The catarrhal stage is often difficult to distinguish from bronchitis or influenza. Adenovirus infections and TB should also be considered.
Cultures of nasopharyngeal specimens are positive for B. pertussis in 80 to 90% of cases in the catarrhal and early paroxysmal stages. Because special media and prolonged incubation are required, the laboratory should be notified that pertussis is suspected. Specific fluorescent antibody testing of nasopharyngeal smears accurately diagnoses pertussis but is not as sensitive as culture. PCR can also be used. The WBC count is usually between 15,000 and 20,000/μL but may be normal or as high as 60,000/μL, usually with 60 to 80% small lymphocytes.
Parapertussis is differentiated by culture or the fluorescent antibody technique.
Hospitalization with respiratory isolation is recommended for seriously ill infants. Isolation is continued until antibiotics have been given for 5 days.
In infants, suction to remove excess mucus from the throat may be lifesaving. O2 and tracheostomy or nasotracheal intubation is occasionally needed. Expectorants, cough suppressants, and mild sedation are of little value. Because any disturbance can precipitate serious paroxysmal coughing with anoxia, seriously ill infants should be kept in a darkened, quiet room and disturbed as little as possible. Patients treated at home should be quarantined, particularly from susceptible infants, for at least 4 wk from disease onset and until symptoms have subsided.
Antibiotics given during the catarrhal stage may ameliorate the disease. After paroxysms are established, antibiotics usually have no clinical effect but are recommended to limit spread. Preferred drugs are erythromycin 10 to 12.5 mg/kg po q 6 h (maximum 2 g/day) for 14 days or azithromycin 10 to 12 mg/kg po once/day for 5 days. Trimethoprim/sulfamethoxazole may be substituted in patients ≥ 2 mo who are intolerant of or hypersensitive to macrolide antibiotics. Antibiotics should also be used for bacterial complications (eg, bronchopneumonia, otitis media).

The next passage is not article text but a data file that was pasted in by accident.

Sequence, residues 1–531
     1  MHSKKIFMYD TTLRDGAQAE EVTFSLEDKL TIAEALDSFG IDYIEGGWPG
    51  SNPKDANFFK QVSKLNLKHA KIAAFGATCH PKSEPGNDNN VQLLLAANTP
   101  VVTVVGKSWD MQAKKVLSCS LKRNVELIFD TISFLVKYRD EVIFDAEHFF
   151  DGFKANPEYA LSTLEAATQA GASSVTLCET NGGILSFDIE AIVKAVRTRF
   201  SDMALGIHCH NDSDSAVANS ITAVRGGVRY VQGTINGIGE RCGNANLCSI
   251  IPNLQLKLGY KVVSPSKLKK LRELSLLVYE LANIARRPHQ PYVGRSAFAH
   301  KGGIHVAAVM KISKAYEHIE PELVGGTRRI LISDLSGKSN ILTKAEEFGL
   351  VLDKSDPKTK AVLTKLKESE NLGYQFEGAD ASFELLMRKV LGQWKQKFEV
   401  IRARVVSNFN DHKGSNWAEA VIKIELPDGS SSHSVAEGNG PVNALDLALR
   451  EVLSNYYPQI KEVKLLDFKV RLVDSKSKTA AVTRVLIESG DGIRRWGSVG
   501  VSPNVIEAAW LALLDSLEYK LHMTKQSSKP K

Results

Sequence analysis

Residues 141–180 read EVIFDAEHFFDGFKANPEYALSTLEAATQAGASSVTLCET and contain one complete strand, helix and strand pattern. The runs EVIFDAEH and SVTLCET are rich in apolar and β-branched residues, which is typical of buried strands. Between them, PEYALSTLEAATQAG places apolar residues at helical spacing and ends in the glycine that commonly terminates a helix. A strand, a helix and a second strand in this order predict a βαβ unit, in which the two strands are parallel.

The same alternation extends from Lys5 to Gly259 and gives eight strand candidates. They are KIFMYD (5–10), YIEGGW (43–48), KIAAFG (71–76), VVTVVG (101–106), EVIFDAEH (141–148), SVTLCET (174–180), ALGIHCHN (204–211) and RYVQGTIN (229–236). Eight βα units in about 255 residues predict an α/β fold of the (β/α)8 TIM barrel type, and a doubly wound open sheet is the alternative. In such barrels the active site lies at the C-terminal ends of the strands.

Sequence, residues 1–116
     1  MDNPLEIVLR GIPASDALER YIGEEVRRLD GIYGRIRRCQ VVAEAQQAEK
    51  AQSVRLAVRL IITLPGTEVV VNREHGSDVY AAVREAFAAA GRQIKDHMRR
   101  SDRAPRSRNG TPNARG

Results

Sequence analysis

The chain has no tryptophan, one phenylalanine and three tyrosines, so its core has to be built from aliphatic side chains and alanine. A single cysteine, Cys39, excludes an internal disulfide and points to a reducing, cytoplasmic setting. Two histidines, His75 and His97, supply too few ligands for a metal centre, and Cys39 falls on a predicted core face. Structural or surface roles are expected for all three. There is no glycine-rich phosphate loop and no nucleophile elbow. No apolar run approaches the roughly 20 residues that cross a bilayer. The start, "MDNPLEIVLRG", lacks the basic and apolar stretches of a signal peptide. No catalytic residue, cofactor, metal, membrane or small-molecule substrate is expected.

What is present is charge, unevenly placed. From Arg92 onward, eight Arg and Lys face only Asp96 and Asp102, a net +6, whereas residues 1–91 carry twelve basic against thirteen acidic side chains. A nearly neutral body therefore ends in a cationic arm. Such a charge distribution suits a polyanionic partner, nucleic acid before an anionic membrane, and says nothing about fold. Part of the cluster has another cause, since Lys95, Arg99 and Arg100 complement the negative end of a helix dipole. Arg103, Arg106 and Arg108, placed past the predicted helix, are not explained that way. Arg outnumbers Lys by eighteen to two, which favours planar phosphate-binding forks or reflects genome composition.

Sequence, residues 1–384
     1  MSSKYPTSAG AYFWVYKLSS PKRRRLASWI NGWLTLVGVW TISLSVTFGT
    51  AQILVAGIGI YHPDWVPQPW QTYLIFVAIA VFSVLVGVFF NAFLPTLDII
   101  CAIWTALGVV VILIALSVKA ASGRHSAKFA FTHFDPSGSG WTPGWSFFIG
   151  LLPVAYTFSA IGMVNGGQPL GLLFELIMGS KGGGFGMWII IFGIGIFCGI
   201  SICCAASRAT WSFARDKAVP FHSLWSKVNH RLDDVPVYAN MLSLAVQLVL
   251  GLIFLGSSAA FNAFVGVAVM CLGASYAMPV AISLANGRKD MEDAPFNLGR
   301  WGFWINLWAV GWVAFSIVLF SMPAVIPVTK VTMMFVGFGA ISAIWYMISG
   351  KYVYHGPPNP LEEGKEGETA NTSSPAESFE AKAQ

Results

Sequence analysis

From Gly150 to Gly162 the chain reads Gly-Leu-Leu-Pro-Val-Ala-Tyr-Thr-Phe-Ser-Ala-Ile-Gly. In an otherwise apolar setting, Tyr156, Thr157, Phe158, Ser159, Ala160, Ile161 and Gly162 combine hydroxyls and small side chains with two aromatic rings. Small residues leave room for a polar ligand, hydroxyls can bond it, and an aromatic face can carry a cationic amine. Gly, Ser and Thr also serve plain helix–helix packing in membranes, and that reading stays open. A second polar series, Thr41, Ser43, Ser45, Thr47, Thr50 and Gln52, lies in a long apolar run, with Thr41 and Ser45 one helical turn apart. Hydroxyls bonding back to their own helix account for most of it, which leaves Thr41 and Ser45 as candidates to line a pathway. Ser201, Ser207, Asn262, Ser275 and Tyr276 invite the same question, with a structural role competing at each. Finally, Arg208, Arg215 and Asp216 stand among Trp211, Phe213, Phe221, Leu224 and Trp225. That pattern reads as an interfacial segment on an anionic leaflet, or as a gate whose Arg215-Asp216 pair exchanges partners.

Active immunization is part of standard childhood vaccination. Five doses of acellular pertussis vaccine are given (usually combined with diphtheria and tetanus [DTaP]) at age 2, 4, and 6 mo; boosters are given at 15 to 18 mo and 4 to 6 yr. Significant adverse effects from the pertussis component of the vaccine include encephalopathy within 7 days; seizure, with or without fever, within 3 days; persistent, severe, inconsolable screaming or crying for ≥ 3 h; collapse or shock within 48 h; fever ≥ 40.5° C within 48 h; and immediate severe or anaphylactic reaction. These reactions contraindicate further use of pertussis vaccine; combined diphtheria and tetanus vaccine (DT) is available without the pertussis component. The acellular vaccine is better tolerated than the previously used vaccine that contains numerous cell components and is the currently available preparation. Neither vaccination nor natural disease confers lifelong protective immunity against pertussis or reinfection. Immunity tends to wane 5 to 10 yr after the last vaccine dose is given.
A single booster with Tdap (containing lower doses of the diphtheria and pertussis components than the childhood DTaP) instead of Td is recommended for all adults after age 19 yr (including those > 65 yr) as well as before pregnancy; it can be given during pregnancy after 20 wk gestation (preferably at 27 to 36 wk gestation). These newer recommendations are intended to decrease risk of spread of pertussis from susceptible adolescents and adults to unprotected infants.
Immunity after natural infection lasts about 20 yr. Passive immunization is unreliable and is not recommended.
Close contacts < 7 yr who have had < 4 doses of vaccine should be vaccinated. Contacts of all ages, whether vaccinated or not, should receive a 10-day course of erythromycin 500 mg po qid or 10 to 12.5 mg/kg po qid.
Last full review/revision February 2014 by Larry M. Bush, MD; Maria T. Perez, MD
Content last modified March 2014